extreme, diamonds are very unreliable. The Ace is as often as not ruffed on
the first diamond lead, and when diamonds are trumps there is usually at
least one player who will discard three of them - especially Ace, King and
Queen - for a plausible bid of zero.
Because you are aiming for an exact number, low cards are as important as
probable trick-losers as high ones are as probable winners. Middle-ranking cards
are unreliable in either respect, so it is usually best to discard Jacks, Tens
and Nines as bid-cards and to retain Aces, Kings, Sevens and Sixes as
trick-winners and losers respectively. This consideration will often lead
you to the best of several possible bids.
Nevertheless, if you really cannot find a sensible way of bidding, a good
ploy is to throw out three cards whose absence from play is most likely to
upset everyone else, such as the top three trumps, or three Aces. You may not
make your bid, but neither will anyone else, and if you should happen to win
a majority of tricks, you will even gain on the deal!
If you have a middling card that may or may not win a trick, such as
J, lead it at the
earliest opportunity in order to clarify the situation.
A no-trumper always favours the lead player. Never declare at no trumps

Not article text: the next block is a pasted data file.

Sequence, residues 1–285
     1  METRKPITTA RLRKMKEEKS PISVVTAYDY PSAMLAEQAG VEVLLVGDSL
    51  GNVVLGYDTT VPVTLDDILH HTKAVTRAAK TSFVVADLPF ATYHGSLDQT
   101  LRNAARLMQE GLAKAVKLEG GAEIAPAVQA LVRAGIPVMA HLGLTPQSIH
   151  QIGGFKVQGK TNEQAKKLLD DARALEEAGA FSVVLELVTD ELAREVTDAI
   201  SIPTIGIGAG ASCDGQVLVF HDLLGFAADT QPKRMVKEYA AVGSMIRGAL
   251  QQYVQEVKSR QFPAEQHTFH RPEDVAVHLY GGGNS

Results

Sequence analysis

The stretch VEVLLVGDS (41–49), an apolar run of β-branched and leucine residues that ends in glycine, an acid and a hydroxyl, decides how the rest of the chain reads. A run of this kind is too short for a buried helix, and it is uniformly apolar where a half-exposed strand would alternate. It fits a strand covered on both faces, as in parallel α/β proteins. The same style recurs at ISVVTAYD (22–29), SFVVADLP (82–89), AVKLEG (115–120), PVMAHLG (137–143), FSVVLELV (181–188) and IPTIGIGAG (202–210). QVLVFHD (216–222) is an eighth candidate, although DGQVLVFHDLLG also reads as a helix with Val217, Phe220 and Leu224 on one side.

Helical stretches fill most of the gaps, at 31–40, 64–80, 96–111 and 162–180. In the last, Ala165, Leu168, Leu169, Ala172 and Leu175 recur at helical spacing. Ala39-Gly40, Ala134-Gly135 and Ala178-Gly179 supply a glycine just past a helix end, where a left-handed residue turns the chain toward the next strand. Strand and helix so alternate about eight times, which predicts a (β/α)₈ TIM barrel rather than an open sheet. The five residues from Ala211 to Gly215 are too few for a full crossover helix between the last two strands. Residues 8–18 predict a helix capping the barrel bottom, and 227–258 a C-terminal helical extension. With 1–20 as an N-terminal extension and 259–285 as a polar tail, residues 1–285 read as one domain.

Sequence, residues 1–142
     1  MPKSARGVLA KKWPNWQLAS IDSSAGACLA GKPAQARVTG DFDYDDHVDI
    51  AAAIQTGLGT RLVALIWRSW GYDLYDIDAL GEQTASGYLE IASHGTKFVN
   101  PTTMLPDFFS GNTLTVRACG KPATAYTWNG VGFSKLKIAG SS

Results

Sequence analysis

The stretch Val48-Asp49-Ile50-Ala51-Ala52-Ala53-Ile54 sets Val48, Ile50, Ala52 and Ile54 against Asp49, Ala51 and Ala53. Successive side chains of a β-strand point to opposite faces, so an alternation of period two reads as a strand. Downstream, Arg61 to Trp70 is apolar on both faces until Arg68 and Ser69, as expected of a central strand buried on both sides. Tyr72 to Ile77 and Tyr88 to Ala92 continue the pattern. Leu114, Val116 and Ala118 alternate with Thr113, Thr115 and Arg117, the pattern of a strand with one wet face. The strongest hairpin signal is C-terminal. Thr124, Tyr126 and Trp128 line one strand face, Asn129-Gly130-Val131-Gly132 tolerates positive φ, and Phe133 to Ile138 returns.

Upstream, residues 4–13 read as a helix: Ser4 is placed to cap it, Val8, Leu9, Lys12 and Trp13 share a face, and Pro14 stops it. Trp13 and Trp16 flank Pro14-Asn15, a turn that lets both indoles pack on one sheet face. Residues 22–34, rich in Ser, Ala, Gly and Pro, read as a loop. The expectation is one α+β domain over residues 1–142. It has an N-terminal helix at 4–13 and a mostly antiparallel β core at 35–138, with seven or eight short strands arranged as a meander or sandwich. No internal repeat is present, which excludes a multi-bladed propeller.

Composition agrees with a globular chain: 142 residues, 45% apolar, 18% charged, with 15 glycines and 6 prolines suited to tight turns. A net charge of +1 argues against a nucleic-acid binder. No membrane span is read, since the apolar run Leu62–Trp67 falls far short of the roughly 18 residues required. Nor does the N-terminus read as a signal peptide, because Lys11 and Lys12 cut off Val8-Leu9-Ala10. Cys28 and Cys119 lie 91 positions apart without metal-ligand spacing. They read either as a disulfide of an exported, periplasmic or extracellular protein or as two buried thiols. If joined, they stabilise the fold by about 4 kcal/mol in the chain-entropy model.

unless you have the opening lead, or unless you have a cast-iron bid of zero
(in any position).
VARIANTS FOR THREE Optional alternatives
This is now my preferred version of play. No Joker is used. Instead, the first
deal is played with diamonds as trump. (Or at no trump, if you prefer, though I don't.)
Thereafter, the trump suit for each deal is determined by the number of players who
succeeded in the previous deal, namely (and obviously) clubs if all three succeeded,
hearts if two, spades if one, or diamonds if nobody made their contract.
At each deal there is no predetermined trump. Instead, dealer's left-hand
neighbour may announce a trump suit in return for playing a declared or
revealed game. If he passes, the next in turn has the same option, and so on.
As before, a revelation overcalls a declaration. If nobody is prepared to
make a premium bid, the trump suit remains the same as it was in the preceding
deal, except in the first deal of the game, when it is no trump. (It is not
advisable to allow players to bid no trump, or at least especially not the
first player, as a no trump game strongly favours the leader to the first
Take your 36 playing cards from a 54-card pack including two Jokers.
Shuffle the remaining 18 cards and stack them face down. Play 18 deals, at each
deal turning the top card of this pile to fix trumps, or playing at no trump